NewsDesk @bactiman63

The situation is evolving rapidly, and it is possible that earlier or additional cases have not been detected. 

The surveillance mechanism set up by the Haitian Government, with the support of WHO and other partners, is operating under extremely difficult circumstances.

The affected areas are very insecure, and controlled by gangs, which makes it very difficult to collect samples, and delays laboratory confirmation of cases and deaths.

In addition, fuel shortages are making it harder for health workers to get to work, causing health facilities to close and disrupting access to health services for people who live in some of the most deprived communities. 

-Director-General of the World Health Organization, Tedros Adhanom Ghebreyesus,  10-12-2022

Image/Robert Herriman

In a follow-up on the rapidly evolving cholera outbreak in Haiti, Pan American Health Organization (PAHO), Dr. Carissa F. Etienne said today piggybacking on the WHO director’s comments, “Cholera has arrived amid serious ongoing social and political unrest which complicates efforts to provide humanitarian assistance and to respond the outbreak.”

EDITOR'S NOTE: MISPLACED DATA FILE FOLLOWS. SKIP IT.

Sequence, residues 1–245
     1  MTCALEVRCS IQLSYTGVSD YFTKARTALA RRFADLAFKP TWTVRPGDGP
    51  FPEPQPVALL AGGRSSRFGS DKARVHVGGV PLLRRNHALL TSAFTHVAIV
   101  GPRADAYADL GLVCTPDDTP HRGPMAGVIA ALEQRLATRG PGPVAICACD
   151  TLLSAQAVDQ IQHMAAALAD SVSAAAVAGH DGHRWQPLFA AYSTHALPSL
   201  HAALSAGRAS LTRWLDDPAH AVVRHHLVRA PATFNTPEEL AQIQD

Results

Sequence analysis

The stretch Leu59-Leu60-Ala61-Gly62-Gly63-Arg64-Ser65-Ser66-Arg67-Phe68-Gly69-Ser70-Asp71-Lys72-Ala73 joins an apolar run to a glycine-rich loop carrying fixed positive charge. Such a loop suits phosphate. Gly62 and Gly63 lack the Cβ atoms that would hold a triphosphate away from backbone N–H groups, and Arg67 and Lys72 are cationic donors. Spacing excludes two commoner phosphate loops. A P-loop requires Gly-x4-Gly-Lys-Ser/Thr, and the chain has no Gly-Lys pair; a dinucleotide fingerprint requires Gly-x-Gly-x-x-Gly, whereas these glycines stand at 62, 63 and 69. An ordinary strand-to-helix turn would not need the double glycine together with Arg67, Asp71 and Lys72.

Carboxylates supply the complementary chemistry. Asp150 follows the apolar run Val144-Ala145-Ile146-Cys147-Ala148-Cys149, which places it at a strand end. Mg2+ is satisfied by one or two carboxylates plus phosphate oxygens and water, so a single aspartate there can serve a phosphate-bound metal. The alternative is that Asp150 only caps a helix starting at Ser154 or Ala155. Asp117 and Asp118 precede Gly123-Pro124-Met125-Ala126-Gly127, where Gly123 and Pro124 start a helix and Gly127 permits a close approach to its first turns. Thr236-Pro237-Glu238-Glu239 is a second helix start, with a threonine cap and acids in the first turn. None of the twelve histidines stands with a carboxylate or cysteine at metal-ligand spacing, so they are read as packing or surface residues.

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As of October 9, national authorities confirmed 32 cases and 18 deaths, as well as over 260 suspected cases in the area surrounding the capital Port-au-Prince.

Etienne also noted that cases are likely much higher than reported numbers, as escalating street violence and criminal activity limit access to the affected areas.

Haiti experienced a massive outbreak of cholera beginning in October 2010, affecting over 820,000 people and killing 9,792 persons until January 2019 (between 2010 and 2016, between 27,000 and 340,000 cases of cholera were reported annually in Haiti, with a case fatality ratio (CFR) between 0.8-2.2%).

After more than three years, Haiti was on the verge of being declared cholera-free.